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Last Updated on May 6, 2015, by eNotes Editorial. Word Count: 2001

Philip Dwyer’s Napoleon: The Path to Power the first volume of an extended biography of Napoleon Bonaparte will be appreciated by readers familiar with the Napoleonic saga as well as by those encountering the life of the great conqueror for the first time. Although Dwyer is a distinguished scholar and an expert on the Napoleonic period, and the book, published by Yale University Press, is intensively researched and heavily footnoted, Dwyer’s vigorous prose transcends the merely academic. He has managed the difficult feat of having something new to say about one of the most familiar stories in modern history.

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Bonaparte has been the subject of countless studies since his famous final defeat at Waterloo. The record of his spectacular rise and fall is inherently dramatic. In the midst of an age of revolution, when aristocracy was slowly being supplanted by liberalism and a rising bourgeoisie, Bonaparte was the ultimate self-made man. He came from obscurity to dominate the continent of Europe as the ruler of a new French Empire. Though a thoroughgoing tyrant, his ascendancy spread the French Revolution’s ideal of equality before the law. While most of Europe eventually rebelled against his quest for power, he was for a time seen by many as a shining avatar of progress. Bonaparte achieved all this through a record of military success that earned him a place with the greatest leaders of history. He developed an unparalleled facility in maneuvering his troops, rapidly concentrating overwhelming force on a point of enemy weakness. His speed and tactical aggressiveness seemed brilliantly innovative compared to the more stately rhythms of eighteenth century warfare. Building on the individual initiative and ideological fervor fostered in the citizen armies of the French Revolution, he cultivated a special bond with his soldiers, enabling him to demand more of them than could other commanders of his day. So superlative were Bonaparte’s martial gifts that from early in his career he was universally regarded as a military genius.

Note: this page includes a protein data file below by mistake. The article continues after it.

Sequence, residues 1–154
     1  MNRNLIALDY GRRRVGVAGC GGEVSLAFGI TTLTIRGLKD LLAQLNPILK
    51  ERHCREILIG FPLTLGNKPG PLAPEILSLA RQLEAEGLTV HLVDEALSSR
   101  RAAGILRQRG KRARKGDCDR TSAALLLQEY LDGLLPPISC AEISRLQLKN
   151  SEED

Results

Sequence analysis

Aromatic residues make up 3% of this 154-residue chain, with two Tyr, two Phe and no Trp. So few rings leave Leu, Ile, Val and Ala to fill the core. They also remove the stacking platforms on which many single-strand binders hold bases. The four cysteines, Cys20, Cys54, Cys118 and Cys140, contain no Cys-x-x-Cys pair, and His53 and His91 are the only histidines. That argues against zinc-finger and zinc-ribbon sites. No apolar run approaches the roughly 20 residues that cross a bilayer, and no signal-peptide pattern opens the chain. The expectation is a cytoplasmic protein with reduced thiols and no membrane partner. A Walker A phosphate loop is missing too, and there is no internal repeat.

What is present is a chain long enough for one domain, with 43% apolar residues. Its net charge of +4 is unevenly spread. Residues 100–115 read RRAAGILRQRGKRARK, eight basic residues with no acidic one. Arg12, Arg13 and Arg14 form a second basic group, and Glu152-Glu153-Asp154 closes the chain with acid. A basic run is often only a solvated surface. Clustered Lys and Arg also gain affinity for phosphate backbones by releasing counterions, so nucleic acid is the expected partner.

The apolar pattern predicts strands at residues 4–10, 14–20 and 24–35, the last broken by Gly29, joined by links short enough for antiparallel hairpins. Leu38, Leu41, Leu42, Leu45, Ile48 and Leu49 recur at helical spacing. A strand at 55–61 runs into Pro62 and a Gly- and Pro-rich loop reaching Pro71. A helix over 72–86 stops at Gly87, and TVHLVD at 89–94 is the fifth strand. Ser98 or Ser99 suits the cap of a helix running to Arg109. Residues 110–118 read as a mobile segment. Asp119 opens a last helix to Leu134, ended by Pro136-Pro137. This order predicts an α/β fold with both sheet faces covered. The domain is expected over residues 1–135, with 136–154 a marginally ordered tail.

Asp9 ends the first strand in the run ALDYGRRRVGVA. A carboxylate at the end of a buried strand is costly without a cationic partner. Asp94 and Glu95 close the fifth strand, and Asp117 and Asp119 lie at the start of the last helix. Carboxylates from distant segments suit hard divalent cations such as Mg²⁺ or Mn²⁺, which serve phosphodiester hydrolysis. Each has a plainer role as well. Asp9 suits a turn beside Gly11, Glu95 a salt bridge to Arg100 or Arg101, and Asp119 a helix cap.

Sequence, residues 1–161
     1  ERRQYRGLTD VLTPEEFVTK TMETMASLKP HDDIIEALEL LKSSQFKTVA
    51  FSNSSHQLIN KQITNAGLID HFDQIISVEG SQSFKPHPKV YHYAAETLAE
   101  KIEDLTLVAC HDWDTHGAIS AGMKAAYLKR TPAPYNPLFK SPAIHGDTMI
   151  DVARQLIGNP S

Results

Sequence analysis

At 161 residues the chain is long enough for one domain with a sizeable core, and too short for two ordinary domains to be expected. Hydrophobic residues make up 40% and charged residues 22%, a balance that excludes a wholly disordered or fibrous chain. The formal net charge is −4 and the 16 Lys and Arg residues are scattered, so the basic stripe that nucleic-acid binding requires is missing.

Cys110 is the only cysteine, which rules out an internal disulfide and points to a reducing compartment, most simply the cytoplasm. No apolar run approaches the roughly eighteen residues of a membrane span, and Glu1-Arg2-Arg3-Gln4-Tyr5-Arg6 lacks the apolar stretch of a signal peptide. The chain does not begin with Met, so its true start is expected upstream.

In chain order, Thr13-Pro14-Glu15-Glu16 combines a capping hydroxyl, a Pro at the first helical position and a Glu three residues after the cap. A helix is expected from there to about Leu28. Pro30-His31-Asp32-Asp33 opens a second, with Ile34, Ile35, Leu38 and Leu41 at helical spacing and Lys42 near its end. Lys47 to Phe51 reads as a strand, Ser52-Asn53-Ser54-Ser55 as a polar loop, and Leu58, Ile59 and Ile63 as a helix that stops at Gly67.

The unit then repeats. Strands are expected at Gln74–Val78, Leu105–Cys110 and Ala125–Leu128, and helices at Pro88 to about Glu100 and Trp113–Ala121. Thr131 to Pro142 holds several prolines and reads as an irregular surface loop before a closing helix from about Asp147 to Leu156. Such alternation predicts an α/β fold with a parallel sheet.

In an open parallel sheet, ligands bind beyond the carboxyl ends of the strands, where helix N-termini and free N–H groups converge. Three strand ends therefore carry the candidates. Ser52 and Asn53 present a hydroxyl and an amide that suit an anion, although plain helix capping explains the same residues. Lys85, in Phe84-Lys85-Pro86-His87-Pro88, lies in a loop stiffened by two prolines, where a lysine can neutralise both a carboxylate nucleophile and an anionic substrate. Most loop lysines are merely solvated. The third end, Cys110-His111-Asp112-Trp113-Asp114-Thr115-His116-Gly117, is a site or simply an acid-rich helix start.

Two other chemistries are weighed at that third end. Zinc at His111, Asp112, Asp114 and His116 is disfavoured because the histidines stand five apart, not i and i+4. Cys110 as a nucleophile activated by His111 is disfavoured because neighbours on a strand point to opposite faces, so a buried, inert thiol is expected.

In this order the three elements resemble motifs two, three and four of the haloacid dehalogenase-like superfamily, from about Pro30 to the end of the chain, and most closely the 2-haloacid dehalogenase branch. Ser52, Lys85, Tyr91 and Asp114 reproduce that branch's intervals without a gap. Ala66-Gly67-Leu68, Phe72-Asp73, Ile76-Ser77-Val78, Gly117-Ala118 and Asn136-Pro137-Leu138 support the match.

Bonaparte was fortunate to win this reputation at the height of the Romantic movement. As a supremely gifted individualist, he fit the pattern of the Romantic hero, struggling to express his superior gifts in a sea of mediocrity. His final defeat ironically sealed his authenticity as a Romantic hero, leaving him unbowed and defiant despite rejection and misunderstanding. He is the very model of a “great man” attempting to bend history to his will. Bonaparte forced himself on the imagination of his contemporaries, and his life has never lost its fascination.

Dwyer’s contribution to this vast Napoleonic literature provides a penetrating analysis of Bonaparte’s evolving sense of self and his active contribution to the growth of his own legend. Dwyer does not see Bonaparte as the Romantic hero out of step with his inadequate times. Instead, he portrays Bonaparte as a work in progress: as a youth, torn between his Corsican homeland and an adoptive French identity; as a young man, trying to balance enthusiasm for the French Revolution with an innate desire for order. Bonaparte evolved through trial and error, and though his course was often diverted by personal disasters and sometimes propelled to success by strokes of luck, he displayed a growing adaptability and egotism. As he shed old enthusiasms and ideals, his interest and energies became increasingly focused on what was left: himself. Dwyer ends this first installment of his biography with the 1799 military coup through which Bonaparte seized power in France. By this point in his life, just past the age of thirty, the Bonaparte of legend was taking shape. Already an ambitious and cynical opportunist, he was confident enough in his abilities to challenge fate and grasp the reins of power. Facilitating his rise was an instinctive gift for self-promotion. The young Bonaparte was an indefatigable networker, ever on the alert for a connection that could prove useful. Early in his career as an army commander, he grasped the propagandistic power of the media, carefully managing his image. In his dispatches back to France, he shamelessly lied about his reverses and exaggerated his successes. Bonaparte skillfully manipulated the newspapers, even starting some of his own to sing his praises. He encouraged a proliferation of portraits and prints of himself and his exploits to reach a nonliterate audience and to help make him a hero in France. One of the strengths that Dwyer brings to his biography is a mastery of the organs of late eighteenth century French popular culture that helped lay the ideological foundations of Bonaparte’s dictatorship.